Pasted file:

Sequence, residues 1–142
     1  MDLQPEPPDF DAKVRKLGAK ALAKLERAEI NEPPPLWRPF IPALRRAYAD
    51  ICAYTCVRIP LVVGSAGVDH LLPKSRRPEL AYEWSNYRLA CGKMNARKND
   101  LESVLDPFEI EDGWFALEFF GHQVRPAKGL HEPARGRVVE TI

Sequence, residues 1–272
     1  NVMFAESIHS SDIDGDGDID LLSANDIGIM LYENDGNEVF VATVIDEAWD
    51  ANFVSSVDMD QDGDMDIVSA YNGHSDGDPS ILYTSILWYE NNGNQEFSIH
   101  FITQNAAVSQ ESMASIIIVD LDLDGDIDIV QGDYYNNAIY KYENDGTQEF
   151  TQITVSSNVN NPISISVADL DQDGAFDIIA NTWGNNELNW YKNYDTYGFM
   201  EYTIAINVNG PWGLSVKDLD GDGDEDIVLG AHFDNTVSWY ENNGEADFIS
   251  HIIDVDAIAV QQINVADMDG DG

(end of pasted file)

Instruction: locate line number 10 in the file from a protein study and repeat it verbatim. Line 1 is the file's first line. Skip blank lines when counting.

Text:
   201  EYTIAINVNG PWGLSVKDLD GDGDEDIVLG AHFDNTVSWY ENNGEADFIS